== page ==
Mr Life has nobly taken my mother through to Glasgow to see friends and I've had a domestic day, cleaning and potting up cuttings. I went for a walk and took some books back to the library and it was COLD - biting wind and grey light. I took my camera to look for signs of spring but there weren't many. These little daffodils on my doorstep are a cheat: I bought them at the supermarket yesterday. Still, they do bring a bit of cheer.
The pansies by the door are blooming,
but these potted crocuses are not hurrying to flower.
A few straggly snowdrops in the garden
and some equally unenthusiastic crocuses. I know how they feel.
Can you see the snow-covered Pentland Hills in the middle of this picture? They're almost invisible against the grey-white sky.
I was just thinking rather pathetically: what's wrong with life now that the offspring have sprung off is that it's rather dull. It's all right. We can cope. But the children were such fun. Among other benefits, Daughter 1 is always interesting - she's got such a wide set of skills and knowledge different from ours; Daughter 2 is very empathetic and knows how to cheer us up; and Son is very funny and always made us laugh when he lived at home.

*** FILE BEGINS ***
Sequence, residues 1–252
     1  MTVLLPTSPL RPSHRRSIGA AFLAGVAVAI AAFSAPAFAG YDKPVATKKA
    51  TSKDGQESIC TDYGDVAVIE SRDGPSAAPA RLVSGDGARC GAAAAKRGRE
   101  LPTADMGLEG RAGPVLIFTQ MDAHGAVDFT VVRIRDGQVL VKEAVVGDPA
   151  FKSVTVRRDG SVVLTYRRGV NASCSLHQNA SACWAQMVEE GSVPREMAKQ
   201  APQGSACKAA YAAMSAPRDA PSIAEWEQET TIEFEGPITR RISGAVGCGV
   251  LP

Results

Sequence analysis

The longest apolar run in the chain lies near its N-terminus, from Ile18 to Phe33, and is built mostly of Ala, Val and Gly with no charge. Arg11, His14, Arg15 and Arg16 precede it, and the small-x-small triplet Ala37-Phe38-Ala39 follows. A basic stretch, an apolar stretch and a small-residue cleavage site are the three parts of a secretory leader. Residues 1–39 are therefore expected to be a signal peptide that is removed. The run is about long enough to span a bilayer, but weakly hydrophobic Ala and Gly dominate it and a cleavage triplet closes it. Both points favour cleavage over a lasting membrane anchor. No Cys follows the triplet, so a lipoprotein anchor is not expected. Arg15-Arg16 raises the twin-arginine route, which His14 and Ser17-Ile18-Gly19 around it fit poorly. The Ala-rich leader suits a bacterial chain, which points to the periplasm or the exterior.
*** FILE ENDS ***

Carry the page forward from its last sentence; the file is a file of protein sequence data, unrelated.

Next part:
Now we just have cats; and all the time I've been trying to write this post, Cassie has been walking to and fro over the keyboard typing little messages to you such as qqqggg/////, rubbing her fluffy side against my face and sticking her tail up my nose. Composition under difficulties!
I think I shall be very decadent: put the heating on, make a cup of tea and read my book. Mind you, it's Jodie Picoult's My Sister's Keeper, which I bought only to make up a 3 for 2 offer and took a while to get round to because I realised it wouldn't exactly be a giggle. Which it's not. I've not got very far but (as I always do) I had a look at the last chapter and - goodness me, she piles on the misery at the end.
(As I was potting the cuttings, I was listening to Othello on the radio and having much the same "For goodness sake! Do you have to write about this?" thoughts about Shakespeare. Could you have made this a gloomier play, do you think, Will?)
Mutter, mutter, mutter...